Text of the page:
You’ll be able to find citrus potting mix at any local nursery or online source. The soil needs to be a compound that will dry out easily. If you need to make your own mix, add regular potting mix with equal parts sand for the same feel. A citrus mix will help to prevent over watering as well as mimicking your trees natural environment.  

What kind of light does the lemon tree need?

This is where it can get tricky while caring for lemon trees. All citrus plants need a ton of bright light in order to thrive indoors—I’m talking more than 10 hours per day. The optimal place for a lemon tree would be in a south-facing window. Without enough light the plant will not produce flowers, and therefore will not produce fruit. If you’re worried about your light situation, try supplementing with a grow light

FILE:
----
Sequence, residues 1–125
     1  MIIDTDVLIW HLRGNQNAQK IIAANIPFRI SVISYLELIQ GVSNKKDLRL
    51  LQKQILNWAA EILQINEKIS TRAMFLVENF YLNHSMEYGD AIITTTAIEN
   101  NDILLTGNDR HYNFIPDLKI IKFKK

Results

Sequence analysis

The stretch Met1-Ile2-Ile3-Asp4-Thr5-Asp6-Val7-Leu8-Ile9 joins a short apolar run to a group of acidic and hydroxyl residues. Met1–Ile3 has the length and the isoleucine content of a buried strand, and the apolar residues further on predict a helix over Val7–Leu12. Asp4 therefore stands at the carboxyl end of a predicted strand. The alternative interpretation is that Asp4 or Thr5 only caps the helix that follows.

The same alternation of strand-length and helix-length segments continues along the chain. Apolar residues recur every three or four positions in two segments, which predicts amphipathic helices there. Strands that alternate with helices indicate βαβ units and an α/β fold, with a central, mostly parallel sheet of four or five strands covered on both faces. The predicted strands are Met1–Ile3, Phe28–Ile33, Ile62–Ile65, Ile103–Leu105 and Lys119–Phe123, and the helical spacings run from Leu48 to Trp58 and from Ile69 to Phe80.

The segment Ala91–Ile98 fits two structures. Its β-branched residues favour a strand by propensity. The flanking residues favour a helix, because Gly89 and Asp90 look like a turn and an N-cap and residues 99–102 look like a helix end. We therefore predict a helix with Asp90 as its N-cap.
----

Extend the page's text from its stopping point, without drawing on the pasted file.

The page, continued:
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What kind of temperature does a lemon tree need?

Temperature is also very important when growing lemon trees indoors. These plants do not like cold temperatures, nor do they like radical temperature change. This means that you need to keep them away from forced air vents, doors that open outside, radiators, drafty windows, and fireplaces. 

Lemon trees thrive at steady temperatures between 50 and 80 degrees Fahrenheit.

How much should you water your lemon tree?